Understanding the balloon effect

Balloons can take on a few roles: a nice gesture representing a cause for celebration, little animals or creators of uncomfortably loud noises.

Little children and adults know these things.  And one thing some do when playing with balloons is squeezing one part of it to only see the air move to another part of the sphere.

That’s what’s been happening throughout the drug supplying countries all over the world: try to move the air out of one part of the balloon and it just goes to another. There seems like there’s a change, but overall the same amount of air is in the balloon, hence the name: the balloon effect.

Many of the supply oriented policies I mentioned last week have this unintended cause: while supply in one area is eradicated, the profitability of the drug trade only has suppliers looking for different locations.

This short video below explains what that looks like:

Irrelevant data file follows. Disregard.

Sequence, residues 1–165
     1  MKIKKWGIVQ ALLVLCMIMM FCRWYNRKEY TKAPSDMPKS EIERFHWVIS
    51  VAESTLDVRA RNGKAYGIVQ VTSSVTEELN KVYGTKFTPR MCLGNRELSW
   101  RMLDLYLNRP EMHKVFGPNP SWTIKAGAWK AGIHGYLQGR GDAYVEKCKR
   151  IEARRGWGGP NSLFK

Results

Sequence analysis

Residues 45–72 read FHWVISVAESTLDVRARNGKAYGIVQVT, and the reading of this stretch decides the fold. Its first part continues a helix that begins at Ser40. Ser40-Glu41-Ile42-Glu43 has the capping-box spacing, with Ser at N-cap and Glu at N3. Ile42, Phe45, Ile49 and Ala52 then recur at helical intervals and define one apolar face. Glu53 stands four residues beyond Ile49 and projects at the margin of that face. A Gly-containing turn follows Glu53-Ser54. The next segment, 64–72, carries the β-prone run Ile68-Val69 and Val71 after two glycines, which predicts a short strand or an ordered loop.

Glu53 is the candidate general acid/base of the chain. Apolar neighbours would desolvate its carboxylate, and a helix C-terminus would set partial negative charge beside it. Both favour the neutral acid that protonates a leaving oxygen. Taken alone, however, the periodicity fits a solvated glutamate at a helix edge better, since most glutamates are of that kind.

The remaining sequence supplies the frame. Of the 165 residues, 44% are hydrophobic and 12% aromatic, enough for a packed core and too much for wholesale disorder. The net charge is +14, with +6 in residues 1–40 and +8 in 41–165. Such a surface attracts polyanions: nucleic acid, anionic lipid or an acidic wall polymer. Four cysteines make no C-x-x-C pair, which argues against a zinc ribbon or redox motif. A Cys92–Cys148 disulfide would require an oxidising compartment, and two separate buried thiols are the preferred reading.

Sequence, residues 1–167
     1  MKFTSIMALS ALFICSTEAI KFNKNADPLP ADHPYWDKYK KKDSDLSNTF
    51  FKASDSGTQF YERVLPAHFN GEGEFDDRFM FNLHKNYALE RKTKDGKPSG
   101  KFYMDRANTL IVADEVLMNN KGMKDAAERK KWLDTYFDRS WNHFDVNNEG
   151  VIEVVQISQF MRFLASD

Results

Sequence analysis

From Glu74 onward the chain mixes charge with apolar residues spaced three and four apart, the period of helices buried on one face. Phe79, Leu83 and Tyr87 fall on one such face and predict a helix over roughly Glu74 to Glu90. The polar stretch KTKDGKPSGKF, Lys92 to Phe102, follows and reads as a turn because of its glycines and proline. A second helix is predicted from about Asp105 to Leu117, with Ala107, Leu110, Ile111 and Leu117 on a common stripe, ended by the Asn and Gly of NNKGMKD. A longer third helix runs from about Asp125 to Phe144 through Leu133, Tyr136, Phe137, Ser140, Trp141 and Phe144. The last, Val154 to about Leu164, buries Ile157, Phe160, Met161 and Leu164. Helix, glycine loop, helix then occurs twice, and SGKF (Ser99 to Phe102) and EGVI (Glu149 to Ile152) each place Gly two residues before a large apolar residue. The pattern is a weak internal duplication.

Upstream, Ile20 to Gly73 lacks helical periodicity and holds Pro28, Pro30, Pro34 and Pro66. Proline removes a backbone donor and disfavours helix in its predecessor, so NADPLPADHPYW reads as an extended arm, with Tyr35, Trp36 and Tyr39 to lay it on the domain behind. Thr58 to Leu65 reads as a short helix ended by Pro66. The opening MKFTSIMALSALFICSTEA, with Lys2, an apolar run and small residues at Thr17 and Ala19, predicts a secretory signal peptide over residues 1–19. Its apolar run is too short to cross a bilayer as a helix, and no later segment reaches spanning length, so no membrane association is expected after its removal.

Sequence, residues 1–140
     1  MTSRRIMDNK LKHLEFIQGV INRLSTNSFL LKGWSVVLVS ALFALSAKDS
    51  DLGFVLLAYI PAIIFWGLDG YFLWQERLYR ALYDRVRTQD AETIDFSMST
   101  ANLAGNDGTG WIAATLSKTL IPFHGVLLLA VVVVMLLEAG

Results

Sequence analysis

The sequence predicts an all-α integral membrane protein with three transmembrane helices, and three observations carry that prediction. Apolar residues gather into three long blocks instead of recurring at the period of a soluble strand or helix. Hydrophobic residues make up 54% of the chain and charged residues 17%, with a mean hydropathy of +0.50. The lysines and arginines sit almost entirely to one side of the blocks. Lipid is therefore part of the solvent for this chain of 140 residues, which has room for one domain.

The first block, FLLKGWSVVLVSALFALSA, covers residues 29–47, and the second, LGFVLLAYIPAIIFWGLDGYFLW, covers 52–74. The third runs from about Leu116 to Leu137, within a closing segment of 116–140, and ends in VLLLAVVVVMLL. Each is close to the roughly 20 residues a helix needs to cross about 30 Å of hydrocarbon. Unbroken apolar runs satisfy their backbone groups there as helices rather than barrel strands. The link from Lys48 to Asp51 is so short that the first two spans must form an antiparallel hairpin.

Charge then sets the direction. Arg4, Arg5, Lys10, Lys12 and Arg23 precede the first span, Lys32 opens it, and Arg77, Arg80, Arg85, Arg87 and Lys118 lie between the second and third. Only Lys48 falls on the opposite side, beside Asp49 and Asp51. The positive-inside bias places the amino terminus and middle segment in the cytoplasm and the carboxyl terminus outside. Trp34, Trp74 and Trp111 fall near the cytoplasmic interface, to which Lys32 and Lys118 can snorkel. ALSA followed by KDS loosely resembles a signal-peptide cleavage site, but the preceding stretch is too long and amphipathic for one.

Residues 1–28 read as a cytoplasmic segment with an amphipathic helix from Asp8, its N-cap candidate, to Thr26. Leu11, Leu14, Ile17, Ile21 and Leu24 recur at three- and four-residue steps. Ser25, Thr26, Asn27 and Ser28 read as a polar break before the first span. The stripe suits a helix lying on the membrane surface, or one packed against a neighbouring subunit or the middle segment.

So what does that mean for the policies in place meant to eradicate drugs?

‘“As a Latin American commission led by three former presidents (of Colombia, Mexico, and Brazil) put it recently: “Prohibitionist policies based on the eradication of production and on the disruption of drug flows as well as on the criminalization of consumption have not yielded the expected results. We are farther away than ever from the announced goal of eradicating drugs.”’

Well, from this Reuters blog, the future isn’t bright. I’m interested in learning more about how policies will play out in the future.

 

 

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